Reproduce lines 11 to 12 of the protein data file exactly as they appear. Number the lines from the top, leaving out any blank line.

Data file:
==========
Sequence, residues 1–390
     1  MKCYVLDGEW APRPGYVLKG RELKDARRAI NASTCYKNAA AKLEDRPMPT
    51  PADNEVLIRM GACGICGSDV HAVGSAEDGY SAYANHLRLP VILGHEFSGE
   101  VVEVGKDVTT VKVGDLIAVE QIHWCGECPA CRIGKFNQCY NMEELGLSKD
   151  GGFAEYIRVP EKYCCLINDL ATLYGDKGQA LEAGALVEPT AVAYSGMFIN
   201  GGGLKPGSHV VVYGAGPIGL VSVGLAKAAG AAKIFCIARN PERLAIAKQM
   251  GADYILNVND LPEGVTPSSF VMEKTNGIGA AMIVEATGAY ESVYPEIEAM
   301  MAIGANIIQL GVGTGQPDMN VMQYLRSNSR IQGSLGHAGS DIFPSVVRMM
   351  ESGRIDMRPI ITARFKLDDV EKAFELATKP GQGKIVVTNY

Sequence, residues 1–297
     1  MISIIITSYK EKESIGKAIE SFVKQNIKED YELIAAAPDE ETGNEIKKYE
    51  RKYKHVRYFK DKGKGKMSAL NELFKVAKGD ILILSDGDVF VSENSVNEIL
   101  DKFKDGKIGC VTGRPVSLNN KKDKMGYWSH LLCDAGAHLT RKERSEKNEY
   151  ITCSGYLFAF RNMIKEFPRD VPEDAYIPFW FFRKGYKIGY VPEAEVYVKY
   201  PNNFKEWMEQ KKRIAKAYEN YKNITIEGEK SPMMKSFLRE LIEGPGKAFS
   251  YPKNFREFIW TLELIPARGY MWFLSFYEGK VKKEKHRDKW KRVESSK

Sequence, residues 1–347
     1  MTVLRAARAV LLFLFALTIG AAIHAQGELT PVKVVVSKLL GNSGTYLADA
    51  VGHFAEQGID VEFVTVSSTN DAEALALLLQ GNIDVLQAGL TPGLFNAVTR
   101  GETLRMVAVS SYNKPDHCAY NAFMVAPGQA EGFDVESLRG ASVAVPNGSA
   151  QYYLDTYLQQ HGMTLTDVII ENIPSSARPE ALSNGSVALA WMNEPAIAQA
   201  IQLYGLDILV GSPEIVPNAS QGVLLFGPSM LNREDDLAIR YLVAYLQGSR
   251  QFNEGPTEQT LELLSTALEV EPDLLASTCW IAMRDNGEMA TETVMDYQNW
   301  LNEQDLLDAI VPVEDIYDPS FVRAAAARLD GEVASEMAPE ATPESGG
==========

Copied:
     1  MISIIITSYK EKESIGKAIE SFVKQNIKED YELIAAAPDE ETGNEIKKYE
    51  RKYKHVRYFK DKGKGKMSAL NELFKVAKGD ILILSDGDVF VSENSVNEIL